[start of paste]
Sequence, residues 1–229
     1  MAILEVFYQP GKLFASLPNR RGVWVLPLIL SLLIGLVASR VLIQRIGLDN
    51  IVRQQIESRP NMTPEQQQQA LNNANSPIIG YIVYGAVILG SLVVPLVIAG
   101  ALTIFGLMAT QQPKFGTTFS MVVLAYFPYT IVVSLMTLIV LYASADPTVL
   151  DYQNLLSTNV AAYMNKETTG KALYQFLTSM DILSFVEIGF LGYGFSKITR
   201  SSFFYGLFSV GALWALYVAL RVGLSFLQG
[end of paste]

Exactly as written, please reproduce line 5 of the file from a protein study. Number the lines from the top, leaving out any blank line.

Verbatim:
   151  DYQNLLSTNV AAYMNKETTG KALYQFLTSM DILSFVEIGF LGYGFSKITR